How to Paint Pop Art Portrait
In this acrylic painting lesson we will paint a pop art portrait.
During the class you will learn how to take a standard photo and use it as reference as you change it into a pop art artwork. You will then learn what to leave and what to change in order to get the comic book effect.
As we progress you will see how interesting objects and items can be used to create fun effects in the artwork.
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Painting the background
Today we are going to paint a pop art portrait of this lady.
We will paint her to look like a scene from a comic book, just like Roy Lichtenstein used to do.
I start by drawing the basic outlines of the lady onto a canvas as well as a portion of a speech bubble.
Traditional pop art was made using the screen printing technique and flat bright colours which had no shadings. We are going to replicate this effect using standard brushes and acrylic paint.
I start off by blocking in the background with cerulean blue.
I then cut out a piece of non-slip mat the size of the background.
We are going to use this to get a Ben-Day dot effect in the background. This will suggest a printed effect.
I only want these dots in the background however so I use clear cover to mask off the surrounding area.
Clear cover is a transparent sticker which can be cut using a craft knife.
I then add some white to the cerulean and carefully coat the non-slip mat with this paint. I am essentially forming a stencil which will print dots onto the canvas.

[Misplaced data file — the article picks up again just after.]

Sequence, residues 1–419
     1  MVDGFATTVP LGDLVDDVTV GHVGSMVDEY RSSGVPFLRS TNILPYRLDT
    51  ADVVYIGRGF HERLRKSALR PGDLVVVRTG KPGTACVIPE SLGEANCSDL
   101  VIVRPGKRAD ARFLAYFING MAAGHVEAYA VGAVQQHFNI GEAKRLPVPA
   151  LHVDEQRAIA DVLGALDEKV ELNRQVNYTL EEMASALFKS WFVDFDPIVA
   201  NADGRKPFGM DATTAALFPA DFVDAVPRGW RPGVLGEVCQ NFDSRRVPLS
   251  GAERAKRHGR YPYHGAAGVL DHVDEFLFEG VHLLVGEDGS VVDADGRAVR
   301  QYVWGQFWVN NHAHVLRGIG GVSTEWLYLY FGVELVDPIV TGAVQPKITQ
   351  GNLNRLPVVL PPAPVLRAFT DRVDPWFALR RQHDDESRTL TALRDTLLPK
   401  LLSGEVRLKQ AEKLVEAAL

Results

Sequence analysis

I carefully lay the mat onto the canvas and press down to transfer the dots, adding more paint until I am happy with the effect.
I have not tried to get the dots perfect as this adds to the printed effect.
I block in the speech bubble with white paint as well as the white of the eyes.
Painting different shadings of the face
We can now move on to the skin area.
As we cannot do any shading we will look for areas of similar tonal value and block them in with different values of skin tone, leaving a sharp edge between each value.
Painting the hair
The lady has blonde hair, so in keeping with the process used by comic makers I block in the hair using yellow.
To create the effect of locks I paint solid lines separating each lock using orange.
To suggest shadings I paint lines of varying length using the orange in the dark areas and white in the highlighted areas.
Standing back I felt this transition on the cheek was not broad enough so I widened that.
Always remember to stand back from your paintings every now and again. You will be amazed at how many glaring mistakes you miss when painting up close. Standing back allows you to spot to these mistakes before it is too late.
Painting the lips, nails and flower
I block in the inside of the mouth with alizarin crimson and the lips with a lighter version.
The lip colour is also used on the nails and flower.
To suggest shading, I block in solid areas on the mouth and nails using cadmium red.
To add interest to the flower I add random dots onto the flower using the same colour.
The lips and nails are highlighted using white and the shadow in the centre of the flower gets a touch of brown.
Painting the black outline
Now the fun starts as we use black paint and a rigger brush to outline all the major elements.
It is these outlines that bring the entire painting together and make it pop.
As you can see in a short while we have gone from a bunch of random blocks of color to a beautiful pop art portrait by adding the outlines.
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